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The cinder cone of the Papakolea green sand beach on Hawaii's Big Island. (Mihaela Nica/Dreamstime/TNS)

Schools are out, temperatures are rising and COVID-19 restrictions are falling. That means vacation time and, for many, that means a beach destination.

Here are some fun facts about the nation’s beaches you can talk about during your car trip.

1. Longest beach shoreline: California and Florida have the best known beaches in the United States, but which one has the most shoreline? Actually, it’s neither. The nation’s largest state, Alaska, has 33,904 miles, which is more than a third of the country’s total 95,439 miles. Florida is way behind in second place at 8,436 miles.

2. Beaches with wild horses: You probably know about Cumberland Island’s beautiful wild horses, but it isn’t the only beach where they gallup. Assateague Island National Seashore, a beach south of Ocean City, Maryland, is well known for the presence of feral horses that roam freely.

3. The sand that “sings”: Singing Beach, about 30 miles north of Boston in the town Manchester-by-the-Sea, doesn’t so much sing as it does squeak. Henry David Thoreau compared it to waxing a table, while author Edmund H. Garrett said it seemed to him like “the crisp little note that the snow gives out in very cold weather.” Geology professor Joel S. Block said it sounds like sneakers on a gym floor. The sound he said, is caused by the “angular and spherically shaped grains (of sand) with a lack of impurities.”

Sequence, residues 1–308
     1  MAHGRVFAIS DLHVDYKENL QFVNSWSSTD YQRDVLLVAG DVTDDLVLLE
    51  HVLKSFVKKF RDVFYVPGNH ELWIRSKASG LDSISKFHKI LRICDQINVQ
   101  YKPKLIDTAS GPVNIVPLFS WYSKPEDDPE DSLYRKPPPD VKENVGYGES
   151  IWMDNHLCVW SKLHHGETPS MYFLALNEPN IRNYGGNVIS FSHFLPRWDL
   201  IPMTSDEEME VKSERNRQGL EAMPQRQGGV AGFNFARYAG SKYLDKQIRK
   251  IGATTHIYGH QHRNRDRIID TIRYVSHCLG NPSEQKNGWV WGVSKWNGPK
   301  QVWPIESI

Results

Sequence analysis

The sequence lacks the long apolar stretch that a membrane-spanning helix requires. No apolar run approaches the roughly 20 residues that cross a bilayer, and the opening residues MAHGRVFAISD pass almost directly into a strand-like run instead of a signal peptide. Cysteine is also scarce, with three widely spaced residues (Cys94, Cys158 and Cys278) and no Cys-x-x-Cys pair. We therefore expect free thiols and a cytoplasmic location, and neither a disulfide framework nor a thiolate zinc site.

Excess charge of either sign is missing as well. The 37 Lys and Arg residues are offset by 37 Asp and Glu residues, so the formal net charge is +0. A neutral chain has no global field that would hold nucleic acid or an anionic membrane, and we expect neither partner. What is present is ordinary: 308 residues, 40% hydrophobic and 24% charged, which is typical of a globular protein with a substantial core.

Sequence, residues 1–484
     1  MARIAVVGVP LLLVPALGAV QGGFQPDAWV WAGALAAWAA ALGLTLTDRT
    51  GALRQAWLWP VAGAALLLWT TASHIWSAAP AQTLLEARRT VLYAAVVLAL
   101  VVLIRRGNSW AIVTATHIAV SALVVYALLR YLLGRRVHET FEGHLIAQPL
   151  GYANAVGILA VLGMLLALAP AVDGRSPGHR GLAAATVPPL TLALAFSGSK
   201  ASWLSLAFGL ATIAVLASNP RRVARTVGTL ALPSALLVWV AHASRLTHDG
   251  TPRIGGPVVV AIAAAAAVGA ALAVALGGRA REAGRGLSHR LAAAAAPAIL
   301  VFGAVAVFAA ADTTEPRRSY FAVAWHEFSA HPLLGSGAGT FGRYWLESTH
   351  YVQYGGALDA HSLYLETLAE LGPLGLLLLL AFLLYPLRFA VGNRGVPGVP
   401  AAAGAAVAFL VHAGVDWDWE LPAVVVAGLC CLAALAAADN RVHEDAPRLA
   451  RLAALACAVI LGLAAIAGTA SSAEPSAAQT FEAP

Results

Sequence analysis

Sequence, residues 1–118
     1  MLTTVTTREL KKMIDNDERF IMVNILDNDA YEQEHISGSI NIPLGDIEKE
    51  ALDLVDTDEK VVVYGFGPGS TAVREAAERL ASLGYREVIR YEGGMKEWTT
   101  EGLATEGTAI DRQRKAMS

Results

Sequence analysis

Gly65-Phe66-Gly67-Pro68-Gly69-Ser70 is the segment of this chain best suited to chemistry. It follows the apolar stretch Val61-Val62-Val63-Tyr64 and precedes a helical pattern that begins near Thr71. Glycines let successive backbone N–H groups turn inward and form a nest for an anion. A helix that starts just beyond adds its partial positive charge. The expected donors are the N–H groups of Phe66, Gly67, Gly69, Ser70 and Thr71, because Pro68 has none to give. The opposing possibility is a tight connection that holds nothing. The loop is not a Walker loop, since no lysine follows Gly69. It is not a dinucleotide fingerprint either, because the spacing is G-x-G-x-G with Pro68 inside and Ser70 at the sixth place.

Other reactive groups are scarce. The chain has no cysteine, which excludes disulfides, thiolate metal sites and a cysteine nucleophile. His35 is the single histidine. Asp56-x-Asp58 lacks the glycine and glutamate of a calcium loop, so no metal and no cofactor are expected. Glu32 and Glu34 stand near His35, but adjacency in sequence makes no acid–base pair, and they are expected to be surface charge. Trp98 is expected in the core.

4. “Planet of the Apes” beach: When Charleton Heston drops to his knees and curses humanity in front of the remains of the Statue of Liberty, he is hit by waves at Malibu’s Point Dume State Beach. The replica of Lady Liberty was buried in the sand at the southern end of Pirate’s Cove throughout the entire summer of 1968, when the movie was filmed.

5. Colorful beaches: We’re not talking about the people who frolic in the surf. If you think all beaches have sand that’s either white or, well, the color of sand, then you’re going to need to add some colors to your paint palette. Here are U.S. beaches with colored sand:

Purple: Pfeiffer Beach, Big Sur, California

Gray: Ocean Cape Area, Gulf of Alaska, and Shelter Cove, Humboldt County, California

Dark brown: Rockaway Beach, Pacifica, California

Red: Kaihalulu Beach, Maui

Green: Papakolea Beach, Big Island, Hawaii

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